I-1053: To Challenge or Not to Challenge?

On September 25, 2012, the state Supreme Court heard arguments on the constitutionality of the voter-approved requirement (aka Initiative 1053 and its predecessor, Initiative 960) that the legislature must approve tax increases by a two-thirds majority.  Unless the state Supreme Court concludes that there is no judicable controversy, we should know the fate of the two-third vote requirement in a few months.

We do not express an opinion on whether the provision is constitutional, but the argument did get us wondering about whether there should be a judiciable controversy surrounding one of the issues in the case.


The plaintiffs brought the action under the Uniform Declaratory Judgment Act.  It argued that all of the act’s requirement’s had been satisfied.  Thus, the court had a judiciable controversy that it should decide under the act. One of several issues related to judicial controversy was whether there were clearly injured parties in the litigation.

Counsel explained that several injured parties existed citing about a dozen individual house legislators (not the legislature) were not able to be effective law makers, resulting in injury to them.  They were injured when their bills failed because they lacked support by a supermajority.  The state responded that these arguments were based on speculation and conjecture.  Also, counsel argued to the court that two teachers who lost jobs were injured parties because there were insufficient funds to pay them.  The state responded that the record did not establish that they lost their jobs due to the supermajority requirement, in that the school district’s “reduction in force” notice attributed the action to “an adverse financial situation … as a result of several factors.”  The injuries, the state stated, were also speculation and conjecture.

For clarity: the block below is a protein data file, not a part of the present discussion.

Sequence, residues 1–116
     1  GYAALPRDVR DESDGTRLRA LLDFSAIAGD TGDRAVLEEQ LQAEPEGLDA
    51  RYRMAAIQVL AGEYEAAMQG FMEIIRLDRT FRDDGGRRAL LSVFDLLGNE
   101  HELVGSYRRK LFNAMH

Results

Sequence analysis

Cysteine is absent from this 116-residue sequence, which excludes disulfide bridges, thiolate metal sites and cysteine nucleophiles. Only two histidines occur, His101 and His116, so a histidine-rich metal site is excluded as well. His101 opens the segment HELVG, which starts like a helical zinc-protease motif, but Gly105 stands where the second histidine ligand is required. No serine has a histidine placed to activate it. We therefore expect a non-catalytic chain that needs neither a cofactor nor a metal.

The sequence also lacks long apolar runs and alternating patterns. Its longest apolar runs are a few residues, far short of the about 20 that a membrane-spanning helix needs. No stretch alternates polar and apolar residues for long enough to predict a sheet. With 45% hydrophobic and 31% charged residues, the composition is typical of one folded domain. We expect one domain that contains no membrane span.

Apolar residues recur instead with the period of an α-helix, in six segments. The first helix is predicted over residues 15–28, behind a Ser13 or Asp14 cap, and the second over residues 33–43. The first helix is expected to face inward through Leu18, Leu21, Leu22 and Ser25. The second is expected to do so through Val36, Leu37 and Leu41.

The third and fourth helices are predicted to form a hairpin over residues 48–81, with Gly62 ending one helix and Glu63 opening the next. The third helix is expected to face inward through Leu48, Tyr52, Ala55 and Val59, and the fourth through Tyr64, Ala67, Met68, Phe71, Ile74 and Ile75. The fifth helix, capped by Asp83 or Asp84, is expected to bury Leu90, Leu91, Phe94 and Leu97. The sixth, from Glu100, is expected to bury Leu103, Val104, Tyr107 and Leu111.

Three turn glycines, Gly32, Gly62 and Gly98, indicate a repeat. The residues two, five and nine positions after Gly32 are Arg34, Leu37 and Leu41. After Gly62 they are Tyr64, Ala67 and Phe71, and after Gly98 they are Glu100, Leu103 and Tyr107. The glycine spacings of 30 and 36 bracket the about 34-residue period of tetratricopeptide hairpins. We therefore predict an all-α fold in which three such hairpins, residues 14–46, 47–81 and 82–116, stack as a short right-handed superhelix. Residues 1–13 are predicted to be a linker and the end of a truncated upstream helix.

The state Supreme Court should contrast that standing argument with U.S. Oil Trading, LLC v. State, Office of Financial Management, 159 Wash.App. 357, 249 P.3d 630 (2011) (pet. for rev. denied, 171 Wash.2d 1025, 257 P.3d 665 (2011)).  In that case, The taxpayer brought its action under common law tort law, and that may be a sufficient legal distinction between it and the League of Education Voters.  Nevertheless, the issues seem related in a logical manner.

The taxpayer contended that a change in the tax law should have been approved by a two-thirds vote in the legislature.  The Office of Financial Management and the Department of Revenue, according to the taxpayer, had a duty to it to assure that the legislature was advised that the amendment would raise taxes (which they did not do), and their failure to do so caused a violation of the two-thirds approval requirement. The taxpayer contended that the legislature’s failure to follow the two-thirds vote requirement resulted in actual harm as well because plaintiff paid a greater amount of tax than it would have had the amendment not passed.

The Court of Appeals rejected the taxpayer’s case under the Public Duty doctrine, relying on the Initiative 960’s language that referred to the “People” not to “taxpayers.” The court held: “The intent of this section is to benefit ‘the people,’ not individual taxpayers. We find no legislative intent to create a duty toward Trading or other individual taxpayers in this section of I-960.”  Id. at p. 365, 634.

The Logic of Existence

Putting aside the positive or negative policy value of the two-thirds vote requirement, at 40,000 feet, it seems odd that a taxpayer who is directly affected by the failure to follow that two-thirds vote requirement is owed no duty by the government to assure that the two-thirds vote is followed but about a dozen legislators and two teachers who lost their jobs because there is insufficient tax have standing because the legislature is presumed to have followed the two-thirds vote requirement.  It would be logical that standing either exists or does not exist in both scenarios.

If you are interested in hearing the argument, you can find it at TVW:


If you are interested in the briefing, you can find them at: http://www.courts.wa.gov/appellate_trial_courts/coaBriefs/index.cfm?fa=coabriefs.briefsByHearingDate&courtId=A08&year=2012#a20120925

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